An Illinois Power of Attorney is a legal document that allows an Illinois resident to grant another person (also known as “the agent”) power to act on his or her behalf in financial or healthcare matters.
The power transferred can be general or specific (limited), enabling the agent to oversee the management of finances or healthcare, or simply complete one task. If the power of attorney is durable, the authority will remain intact if the principal becomes incapacitated.
Illinois durable power of attorney laws go beyond a patient’s death and allow agents to permit organ donations or how the principal’s remains should be disposed of.
Read on to uncover everything there is to know about durable power of attorney in Illinois and learn how to use it in the Prairie State.
Illinois Durable Power of Attorney Requirements
Normally, a power of attorney ends if the principal becomes mentally incapacitated. In Illinois, you can opt for a durable power of attorney, which remains valid upon incapacity.
Relevant Laws: § 45/1-1 (Illinois Power of Attorney Act)
Presumed Durable: Yes — durability presumed (§ 45/2-5).
Signing: The signature of the principal and one witness is required.
Notarization: Notarial acknowledgment is required.
Statutory Form: Yes — § 45/3-3.
How to Fill Out an Illinois DPOA Form
Follow these steps to easily complete our blank durable power of attorney form for Illinois:
Step 1: Designate an Agent
First, the principal needs to choose an agent—someone trustworthy who fully understands what power of attorney is and the responsibility associated with it.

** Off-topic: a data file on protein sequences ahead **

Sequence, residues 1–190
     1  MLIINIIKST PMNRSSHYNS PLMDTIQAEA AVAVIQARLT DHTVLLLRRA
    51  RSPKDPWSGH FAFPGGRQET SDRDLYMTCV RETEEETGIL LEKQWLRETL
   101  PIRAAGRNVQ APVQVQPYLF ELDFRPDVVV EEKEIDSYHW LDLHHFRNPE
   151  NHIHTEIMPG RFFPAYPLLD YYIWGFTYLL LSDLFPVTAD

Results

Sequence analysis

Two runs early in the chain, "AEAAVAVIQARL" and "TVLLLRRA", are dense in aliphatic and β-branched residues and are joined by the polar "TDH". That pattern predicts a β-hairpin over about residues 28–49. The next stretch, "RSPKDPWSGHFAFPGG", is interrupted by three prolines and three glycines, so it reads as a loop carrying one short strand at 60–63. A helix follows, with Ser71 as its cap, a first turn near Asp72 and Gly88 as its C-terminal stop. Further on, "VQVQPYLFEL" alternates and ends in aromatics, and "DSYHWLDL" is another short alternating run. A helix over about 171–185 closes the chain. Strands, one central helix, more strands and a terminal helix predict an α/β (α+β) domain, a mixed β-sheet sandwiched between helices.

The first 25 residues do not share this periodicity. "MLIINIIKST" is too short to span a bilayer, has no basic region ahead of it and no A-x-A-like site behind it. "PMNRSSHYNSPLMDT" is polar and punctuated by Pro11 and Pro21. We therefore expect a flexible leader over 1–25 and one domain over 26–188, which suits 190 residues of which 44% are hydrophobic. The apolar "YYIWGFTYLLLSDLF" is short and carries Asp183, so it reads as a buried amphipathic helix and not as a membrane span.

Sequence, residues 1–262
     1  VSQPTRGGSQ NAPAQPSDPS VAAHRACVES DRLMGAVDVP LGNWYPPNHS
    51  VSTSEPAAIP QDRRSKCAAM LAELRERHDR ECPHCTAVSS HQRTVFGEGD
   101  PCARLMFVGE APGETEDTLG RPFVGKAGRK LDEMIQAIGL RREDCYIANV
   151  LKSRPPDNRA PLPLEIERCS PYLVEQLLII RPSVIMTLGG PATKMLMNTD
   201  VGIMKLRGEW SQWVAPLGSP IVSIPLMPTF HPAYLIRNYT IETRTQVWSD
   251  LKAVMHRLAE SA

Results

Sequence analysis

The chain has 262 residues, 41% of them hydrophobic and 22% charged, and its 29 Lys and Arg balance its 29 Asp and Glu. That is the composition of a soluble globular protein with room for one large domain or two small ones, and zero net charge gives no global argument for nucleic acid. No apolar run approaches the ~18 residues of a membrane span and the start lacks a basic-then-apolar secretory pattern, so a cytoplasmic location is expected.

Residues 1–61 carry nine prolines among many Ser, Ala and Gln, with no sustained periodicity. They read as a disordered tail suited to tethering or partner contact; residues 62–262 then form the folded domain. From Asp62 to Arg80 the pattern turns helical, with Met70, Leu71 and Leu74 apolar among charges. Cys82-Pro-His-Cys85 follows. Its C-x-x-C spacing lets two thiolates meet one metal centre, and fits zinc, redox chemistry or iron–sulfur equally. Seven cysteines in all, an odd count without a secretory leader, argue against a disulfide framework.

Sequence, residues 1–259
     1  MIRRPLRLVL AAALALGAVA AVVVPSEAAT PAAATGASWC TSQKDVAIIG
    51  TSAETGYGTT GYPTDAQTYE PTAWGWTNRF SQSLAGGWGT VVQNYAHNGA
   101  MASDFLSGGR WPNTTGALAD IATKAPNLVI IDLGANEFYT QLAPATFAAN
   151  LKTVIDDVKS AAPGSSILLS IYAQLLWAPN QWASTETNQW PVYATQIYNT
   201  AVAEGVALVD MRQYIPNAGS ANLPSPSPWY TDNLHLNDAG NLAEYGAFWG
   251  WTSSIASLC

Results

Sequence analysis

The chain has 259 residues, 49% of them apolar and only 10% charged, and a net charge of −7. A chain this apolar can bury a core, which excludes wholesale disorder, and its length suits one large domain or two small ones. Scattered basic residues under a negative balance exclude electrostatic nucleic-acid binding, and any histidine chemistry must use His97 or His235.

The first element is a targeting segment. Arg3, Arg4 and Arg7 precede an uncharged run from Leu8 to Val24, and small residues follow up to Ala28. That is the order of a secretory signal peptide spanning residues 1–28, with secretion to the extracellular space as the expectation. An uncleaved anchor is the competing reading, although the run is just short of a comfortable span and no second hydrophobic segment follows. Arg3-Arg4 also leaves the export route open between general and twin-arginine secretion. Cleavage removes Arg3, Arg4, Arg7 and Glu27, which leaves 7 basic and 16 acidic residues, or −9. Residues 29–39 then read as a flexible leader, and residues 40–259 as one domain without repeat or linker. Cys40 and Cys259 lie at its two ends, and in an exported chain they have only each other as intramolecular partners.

Both parties should add their names and addresses at the top of the durable power of attorney form.
Step 2: Grant Authority
The durable power of attorney must contain the areas upon which the agent has legal power. This means that you will need to indicate on the form the specific powers that you want or don’t want to give to your agent.
Here are the usual areas, but you can further personalize them with specific instructions on the form.
Step 3: Ensure Your Form Is Durable
In Illinois, a power of attorney is presumed to be durable unless it’s otherwise specified on the form.
Step 4: Sign and Date the Form
To create a durable power of attorney in Illinois, the principal must sign the form in the presence of a witness and notary public. The agent must also sign the form on the last page.
Storing and Using Your Form in Illinois
Once you’ve completed your durable power of attorney form, store it in a secure place in your home, like a safe deposit.
A copy of the form should also be sent to your agent, your family, and third parties where it will be used (such as your landlord, bank, or a state agency).
Signing on Behalf of the Principal
To enable your agent to sign on your behalf, contact the third party or place the DPOA will be used, and provide your ID and that of your agent.
The agent can then sign on your behalf as follows:
by [Agent’s name]
Power of attorney
Revoking a Durable Power of Attorney in Illinois
In order to revoke a durable power of attorney in Illinois, a principal can revoke a power of attorney at any time by completing and filing a revocation of power of attorney.
If you’ve chosen your spouse to act as an agent on your DPOA, the designation will not be valid anymore if you get divorced.